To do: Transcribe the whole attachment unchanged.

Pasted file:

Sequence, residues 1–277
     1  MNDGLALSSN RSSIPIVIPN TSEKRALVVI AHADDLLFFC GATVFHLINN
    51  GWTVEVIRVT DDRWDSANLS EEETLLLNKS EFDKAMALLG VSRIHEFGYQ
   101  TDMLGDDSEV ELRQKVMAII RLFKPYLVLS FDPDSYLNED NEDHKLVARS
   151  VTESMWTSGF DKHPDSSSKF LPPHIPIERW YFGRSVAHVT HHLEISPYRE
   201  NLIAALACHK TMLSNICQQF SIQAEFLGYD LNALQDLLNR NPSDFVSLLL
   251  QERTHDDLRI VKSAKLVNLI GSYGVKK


Sequence, residues 1–277
     1  MNDGLALSSN RSSIPIVIPN TSEKRALVVI AHADDLLFFC GATVFHLINN
    51  GWTVEVIRVT DDRWDSANLS EEETLLLNKS EFDKAMALLG VSRIHEFGYQ
   101  TDMLGDDSEV ELRQKVMAII RLFKPYLVLS FDPDSYLNED NEDHKLVARS
   151  VTESMWTSGF DKHPDSSSKF LPPHIPIERW YFGRSVAHVT HHLEISPYRE
   201  NLIAALACHK TMLSNICQQF SIQAEFLGYD LNALQDLLNR NPSDFVSLLL
   251  QERTHDDLRI VKSAKLVNLI GSYGVKK